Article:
Growing up I spent a lot of time in Niagara-on-the-Lake, Ontario, where my grandparents and uncles farmed for more than 50 years. And when I moved to Summerland I couldn’t help but think that this was like the Niagara of my childhood, made even more beautiful with mountains. The meandering views, the orchards, vineyards, fresh picked fruit and bountiful markets, affect all of us who visit and live here. But what about beyond what we see and taste? What is agriculture doing in our economy?
Canada has about 7% of its land that is suitable for farming and of that, 4% is located in BC. Overall in Canada, primary agriculture accounts for a much smaller share of output and jobs than in earlier years. For example, in Kelowna, the share of the population directly employed in agriculture is less than 2%. And there are those who believe that food production can be more cost effectively left to other countries, even after accounting for environmental impacts.
However, we also know that the processing of ag products, as well as retailing, food services, transportation, handling and the provision of input supplies to primary agriculture are major Canadian industries.
Wine is one great example of beverage processing. In BC the Okanagan region is the major wine producing area. The BC Wine Institute reports that, in 2011, the BC wine and grape industry alone contributed 1.43 billion to the provincial economy and counting jobs and taxes, had an overall economic impact of over 2 billion. Remember those beautiful vineyards I mentioned earlier? The wine industry also brought 800,000 wine tourists to the province, primarily benefiting the Okanagan region.
So while primary agriculture has its challenges, niche agriculture products and support have excellent growth potential, both in BC and closer to home. The Government of BC is also looking at this and, as part of its 2015 – 2018 strategic plan, has prioritized the growth of the agri-food and technology sectors.
To respond to these opportunities, and as part of the sector development work the Summerland Chamber of Commerce is involved in with the District of Summerland and the South Okanagan regional economic development group, we have been exploring the agricultural technology sector for a few years.
What started as casual conversations began to coalesce into more meaningful discussions with government and industry leaders around the possibilities to grow businesses in these sectors in Summerland. For example, precision science and technology services pertaining to agriculture, supply chain businesses in the wine industry, neutraceutical and biotechnology companies, businesses that work in telematics, RFID technology, soil sensors, RTK navigation systems, etc., are all potential business that could be a fit for our community.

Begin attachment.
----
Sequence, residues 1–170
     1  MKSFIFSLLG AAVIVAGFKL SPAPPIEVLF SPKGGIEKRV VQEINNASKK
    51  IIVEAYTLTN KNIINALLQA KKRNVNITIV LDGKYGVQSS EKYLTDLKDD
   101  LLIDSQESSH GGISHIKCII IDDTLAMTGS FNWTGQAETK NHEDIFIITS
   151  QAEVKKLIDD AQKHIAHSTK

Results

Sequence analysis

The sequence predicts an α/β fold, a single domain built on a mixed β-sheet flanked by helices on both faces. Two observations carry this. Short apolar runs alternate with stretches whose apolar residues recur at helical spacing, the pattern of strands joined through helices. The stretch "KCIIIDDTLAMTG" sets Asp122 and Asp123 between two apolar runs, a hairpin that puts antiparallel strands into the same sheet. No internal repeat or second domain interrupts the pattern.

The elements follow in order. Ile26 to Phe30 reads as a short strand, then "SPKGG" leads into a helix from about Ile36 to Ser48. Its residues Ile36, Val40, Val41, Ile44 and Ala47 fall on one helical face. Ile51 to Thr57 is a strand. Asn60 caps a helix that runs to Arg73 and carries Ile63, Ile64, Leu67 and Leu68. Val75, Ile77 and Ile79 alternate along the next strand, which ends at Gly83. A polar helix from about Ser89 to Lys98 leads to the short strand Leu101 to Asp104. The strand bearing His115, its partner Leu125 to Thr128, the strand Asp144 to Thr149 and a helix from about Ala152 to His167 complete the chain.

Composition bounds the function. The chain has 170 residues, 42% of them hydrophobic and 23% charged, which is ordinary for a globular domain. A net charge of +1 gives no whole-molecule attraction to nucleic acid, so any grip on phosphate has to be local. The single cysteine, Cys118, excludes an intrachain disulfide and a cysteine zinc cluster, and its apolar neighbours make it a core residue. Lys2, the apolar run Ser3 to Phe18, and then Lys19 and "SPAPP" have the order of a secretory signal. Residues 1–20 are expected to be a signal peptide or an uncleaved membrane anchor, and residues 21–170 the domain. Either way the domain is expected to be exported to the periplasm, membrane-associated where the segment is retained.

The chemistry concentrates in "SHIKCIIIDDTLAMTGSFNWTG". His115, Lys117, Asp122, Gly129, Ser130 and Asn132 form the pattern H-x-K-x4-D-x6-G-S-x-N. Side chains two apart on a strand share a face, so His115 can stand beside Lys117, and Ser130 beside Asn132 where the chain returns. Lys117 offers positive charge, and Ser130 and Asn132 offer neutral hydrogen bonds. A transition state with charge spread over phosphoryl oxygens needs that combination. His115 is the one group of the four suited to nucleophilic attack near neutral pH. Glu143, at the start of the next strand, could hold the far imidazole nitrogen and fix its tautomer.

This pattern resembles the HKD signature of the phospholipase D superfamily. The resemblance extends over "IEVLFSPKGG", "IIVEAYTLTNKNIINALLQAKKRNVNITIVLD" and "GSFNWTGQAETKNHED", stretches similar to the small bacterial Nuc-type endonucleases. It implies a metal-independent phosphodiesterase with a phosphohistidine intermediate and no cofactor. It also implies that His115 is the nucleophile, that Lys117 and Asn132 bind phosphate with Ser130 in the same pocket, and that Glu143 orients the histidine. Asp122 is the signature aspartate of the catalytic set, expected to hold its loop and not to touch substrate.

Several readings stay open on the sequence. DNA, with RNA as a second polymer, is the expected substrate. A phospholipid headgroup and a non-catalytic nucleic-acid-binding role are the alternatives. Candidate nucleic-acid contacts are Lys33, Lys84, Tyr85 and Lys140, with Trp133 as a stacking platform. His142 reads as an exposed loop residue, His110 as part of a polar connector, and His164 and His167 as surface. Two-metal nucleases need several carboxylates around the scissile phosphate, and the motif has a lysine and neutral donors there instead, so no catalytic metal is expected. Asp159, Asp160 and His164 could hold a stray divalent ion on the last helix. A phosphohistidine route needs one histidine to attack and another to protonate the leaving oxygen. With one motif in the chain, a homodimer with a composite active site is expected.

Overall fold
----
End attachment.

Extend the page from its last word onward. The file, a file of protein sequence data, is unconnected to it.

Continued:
There are a number of reasons why Summerland is a great choice for growth in this area. We are a community founded in the agricultural sector and, in particular, we are home to the cutting-edge Summerland Research and Development Centre. Over the years, world renowned food based bio-technology companies have begun as research projects at the Centre and then commercialized, grown and remained in Summerland and we know that cluster opportunities exist.
Entrepreneurs in these sectors are also seeing global threats as potential business opportunities.
Studies show that climate change in this region will require significant adaptation to ensure long term success for this sector. The BC Agriculture Climate Change Adaptation Risk + Opportunity Assessment Report of 2012 states that new ways to deal with water use, pest management and disease control are critical to the industry. However, the development of these responses as well as agriculture technology, innovation and information management systems can reduce operating costs, precisely control inputs and improve yields for producers in the Okanagan and globally.
We shouldn’t forget that Summerland is also ideally situated in the heart of the Okanagan with close proximity to major centres such as Kelowna and Penticton, fast access to two airports and easy connections to major highways that take our products east to the rest of Canada, west to the Lower Mainland and south to the US.
Agricultural technology businesses located in Summerland would provide increased economic and employment opportunities in our community and region and build on Summerland’s deep roots in agriculture.
Sector development is not a fast process but real strides can be made in 3-5 years. We hope the community will be interested in supporting this development.
Christine Petkau is Executive Director of the Summerland Chamber of Commerce and Tourism Summerland. The Chamber is also responsible for business retention, expansion and attraction (economic development services) on behalf of the District of Summerland.